You know what’s great about having my daughter Britta and daughter-in-law Kaitlyn help out with posts for the blog? You get the benefit of post ideas that come from a whole different frame of reference! Case in point, today’s post. I don’t have a cat and, since my husband would rather jump off a tall building than get a cat, chances are I never will! But BRITTA does…and because she does, today she is sharing with us a smart solution to a “cat problem” that I’m assuming she’s not alone in. Pretty cool huh? I think so. :-)
Britta writes: A couple of weeks ago, my friend Randi Lynn was kind enough to give me one of the many Spider Plants she had growing in her kitchen. I have wanted a houseplant for a while to keep in my office, so I was very excited to get it home! I decided that I would place it on my windowsill during the day, to make sure that it received as much light as possible.
Enter my cat, Katara. I had forgotten to take into account that Katara enjoys sitting on that particular windowsill during the day, in order to watch the birds who live in the tree outside the window. Apparently she was offended by the arrival of the Spider Plant on HER windowsill, because she has been kicking soil out of the pot and onto the sill nearly every day since I brought it into the house. I suppose it could be worse, because she doesn’t appear to be eating the plant or destroying it in any way, just pushing dirt out. BUT STILL – it is very obnoxious!
(Side note from Jillee: But look at that cute face!!)
So I found myself faced with a conundrum. Do I give in to my cat’s bad behavior and accept that I can’t keep plants in the house, or do I resign myself to the fact that I will have to sweep dirt off my windowsill daily? Neither were very attractive options, so I decided I needed to come up with a third option: find a way to keep my cat away from my plant.
A bit of research yielded an intriguing idea: a spray made from essential oils that would repel my cat, but that would also be harmless to the plant itself. This sounded like the ideal solution, so I eagerly gave it a try!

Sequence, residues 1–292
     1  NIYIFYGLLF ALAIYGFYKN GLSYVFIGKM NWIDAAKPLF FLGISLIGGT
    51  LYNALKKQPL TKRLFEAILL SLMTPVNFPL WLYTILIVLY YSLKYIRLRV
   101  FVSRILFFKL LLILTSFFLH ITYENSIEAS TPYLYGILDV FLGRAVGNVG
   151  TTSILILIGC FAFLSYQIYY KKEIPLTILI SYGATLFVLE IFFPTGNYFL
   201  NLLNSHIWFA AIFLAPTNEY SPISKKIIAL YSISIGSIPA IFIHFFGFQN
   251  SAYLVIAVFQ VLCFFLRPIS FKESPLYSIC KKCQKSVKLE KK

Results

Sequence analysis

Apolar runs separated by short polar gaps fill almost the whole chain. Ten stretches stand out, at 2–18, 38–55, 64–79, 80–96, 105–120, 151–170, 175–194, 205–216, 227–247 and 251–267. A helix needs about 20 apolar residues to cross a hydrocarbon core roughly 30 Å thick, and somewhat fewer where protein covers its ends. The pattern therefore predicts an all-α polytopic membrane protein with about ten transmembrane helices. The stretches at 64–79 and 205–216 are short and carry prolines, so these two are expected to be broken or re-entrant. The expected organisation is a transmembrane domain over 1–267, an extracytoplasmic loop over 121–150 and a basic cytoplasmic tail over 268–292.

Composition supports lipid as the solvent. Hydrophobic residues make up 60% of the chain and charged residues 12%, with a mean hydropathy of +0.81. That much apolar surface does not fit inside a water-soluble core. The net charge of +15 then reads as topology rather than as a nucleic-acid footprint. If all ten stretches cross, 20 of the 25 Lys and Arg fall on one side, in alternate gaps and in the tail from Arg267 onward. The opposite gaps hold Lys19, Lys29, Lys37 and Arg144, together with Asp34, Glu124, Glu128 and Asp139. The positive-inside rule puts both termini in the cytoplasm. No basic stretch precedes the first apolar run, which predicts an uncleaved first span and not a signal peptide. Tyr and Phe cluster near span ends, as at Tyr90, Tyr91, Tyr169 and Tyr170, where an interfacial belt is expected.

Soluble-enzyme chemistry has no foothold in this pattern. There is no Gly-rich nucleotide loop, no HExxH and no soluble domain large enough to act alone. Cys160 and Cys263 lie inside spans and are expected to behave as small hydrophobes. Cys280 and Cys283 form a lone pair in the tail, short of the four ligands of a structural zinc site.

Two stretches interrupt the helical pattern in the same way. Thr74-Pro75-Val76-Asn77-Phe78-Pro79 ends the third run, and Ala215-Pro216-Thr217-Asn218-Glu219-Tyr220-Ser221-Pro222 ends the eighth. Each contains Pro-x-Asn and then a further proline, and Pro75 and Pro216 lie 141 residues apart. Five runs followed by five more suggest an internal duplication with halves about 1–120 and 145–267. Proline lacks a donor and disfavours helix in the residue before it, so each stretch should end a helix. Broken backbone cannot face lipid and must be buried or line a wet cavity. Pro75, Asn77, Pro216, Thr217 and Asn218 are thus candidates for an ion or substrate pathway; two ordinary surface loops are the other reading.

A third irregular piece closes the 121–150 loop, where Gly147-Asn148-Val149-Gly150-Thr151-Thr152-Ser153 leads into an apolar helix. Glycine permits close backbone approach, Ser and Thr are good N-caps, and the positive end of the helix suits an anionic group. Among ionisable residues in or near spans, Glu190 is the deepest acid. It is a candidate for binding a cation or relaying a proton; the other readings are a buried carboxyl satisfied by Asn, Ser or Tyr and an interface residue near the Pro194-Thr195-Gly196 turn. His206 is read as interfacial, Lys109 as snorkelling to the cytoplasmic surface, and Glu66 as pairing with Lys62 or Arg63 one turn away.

In a 2 oz glass spray bottle, I added 2 drops each of Lemon, Wild Orange, and Lavender essential oils, and then topped it off with enough water to fill the bottle. Cats are several times more sensitive to smells than humans, so they will tend to steer clear of particularly strong scents like citrus. Apparently they don’t like lavender either.
Note: Dr. Richard Palmquist, Chief of Integrative Health Services at Centinela Animal Hospital in Inglewood, California, advises that one drop of essential oil diluted in 50 drops carrier oil or water is safe for pets. The toxicity from this very small amount of diluted EO’s is far less harmful in the long run than the ingredients and artificial ‘fragrance’ in most products. However, never apply essential oils directly on a cat.
After shaking the bottle well, I sprayed the soil of the plant, trying to avoid the leaves as much as possible. I also sprayed the outside of the pot.
Since I wrote this post yesterday, I haven’t seen Katara anywhere near my plant, which is very encouraging! And as an ADDED BONUS….this spray smells great! It is a very bright and cheerful scent, which is perfect for a home office like mine. Who couldn’t use an extra bit of cheer at work??
And let’s not forget the cheerful feeling I will get from knowing that my plant will continue to flourish on the windowsill, free from the torment of Katara’s incessant pawing. :-)